The design was no doubt borne out of the difficulty in mounting a plain tubular 'scope with fixed reticle,

there being only focus and parallax adjustment internally,

and providing the necessary elevation/windage adjustments

and quick release, while maintaining the rifle's original sighting configuration;

but improvements were made with the design of the mounts for the Model 44US training rifle.


Image of part nos. by courtesy of the "Unofficial MOSSBERG Smallbore" site.


Mossberg " 46 M (b) " Post-War training rifle

Drag horizontally to rotate subject. Click to zoom and drag to pan. Full screen viewing from expansion arrows.

This rifle is 4 ounces heavier than the 42M models, now weighing 6 lbs. 14 ozs.,

and is fed by a tube magazine in the fore-end rather than by the removable clip box magazine of the 42M.



The cap for the spring-loaded feed-rod of the tube magazine can be seen on the nose of the fore-end.

The Mannlicher style of stocking has been retained from the 42M-B,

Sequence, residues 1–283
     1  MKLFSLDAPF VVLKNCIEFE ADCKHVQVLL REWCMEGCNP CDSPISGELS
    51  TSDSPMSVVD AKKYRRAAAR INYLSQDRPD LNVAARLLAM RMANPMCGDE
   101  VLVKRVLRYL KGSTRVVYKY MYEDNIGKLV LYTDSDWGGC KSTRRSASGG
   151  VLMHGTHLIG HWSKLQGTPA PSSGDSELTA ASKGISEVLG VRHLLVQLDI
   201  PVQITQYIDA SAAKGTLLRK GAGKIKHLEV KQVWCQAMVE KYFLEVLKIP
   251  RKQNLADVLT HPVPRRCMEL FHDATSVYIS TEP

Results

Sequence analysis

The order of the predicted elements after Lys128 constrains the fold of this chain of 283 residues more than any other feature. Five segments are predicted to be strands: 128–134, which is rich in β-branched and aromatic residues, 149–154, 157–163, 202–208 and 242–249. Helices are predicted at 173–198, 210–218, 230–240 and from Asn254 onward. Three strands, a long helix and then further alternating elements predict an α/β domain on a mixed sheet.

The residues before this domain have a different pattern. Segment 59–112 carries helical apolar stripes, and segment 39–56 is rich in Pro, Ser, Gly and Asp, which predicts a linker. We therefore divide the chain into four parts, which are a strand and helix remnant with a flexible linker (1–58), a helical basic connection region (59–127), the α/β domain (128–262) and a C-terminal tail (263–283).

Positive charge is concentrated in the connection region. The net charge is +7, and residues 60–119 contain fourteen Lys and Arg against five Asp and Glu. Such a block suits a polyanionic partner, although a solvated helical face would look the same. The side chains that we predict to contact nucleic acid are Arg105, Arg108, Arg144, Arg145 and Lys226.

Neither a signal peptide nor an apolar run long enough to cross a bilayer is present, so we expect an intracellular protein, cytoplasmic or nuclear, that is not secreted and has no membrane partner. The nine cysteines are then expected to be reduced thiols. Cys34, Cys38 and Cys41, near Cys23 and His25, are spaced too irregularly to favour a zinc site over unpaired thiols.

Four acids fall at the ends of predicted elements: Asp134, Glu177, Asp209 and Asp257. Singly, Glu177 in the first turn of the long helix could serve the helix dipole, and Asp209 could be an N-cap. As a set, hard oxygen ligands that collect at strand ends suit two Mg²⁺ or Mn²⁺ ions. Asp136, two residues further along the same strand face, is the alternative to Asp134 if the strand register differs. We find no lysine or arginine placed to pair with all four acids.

in fact it has been reported that the wood furniture may have been unused wartime stock,

although the trigger-guard, a plastic moulding that incorporates the shaped finger-grooves in the pistol-grip,

and which previously ran right to the bottom of the woodwork,

now stops with a radiussed end about a quarter-inch short of the base of the pistol-grip.

The butt-plate is now still a plastic moulding, without the spare magazine storage trap of the early 42M-B.




This particular rifle has been fitted with the Parker-Hale alternative rear-sight mentioned earlier on the page.



On the underside of the fore-end and butt-stock are the keyed slots for sling-swivels.

The angled slot for the loading of cartridges is about six inches to the rear of the fore-end nose.



Apart from previously covered aspects, little is different on the Model 46 from the models 42.

The barrel-mounted rear-sight, just ahead of the action is, though, very different.



As is the plain fore-sight ramped block with a plain blade dovetailed for windage zeroing adjustment.



That's all folks, for the time being.

See also: imagery only (as yet) of the Model 44 US (d)

See also a: Chronology of Enfield genre Training Rifles, Adapters & Cartridges

See this website's Raison d'être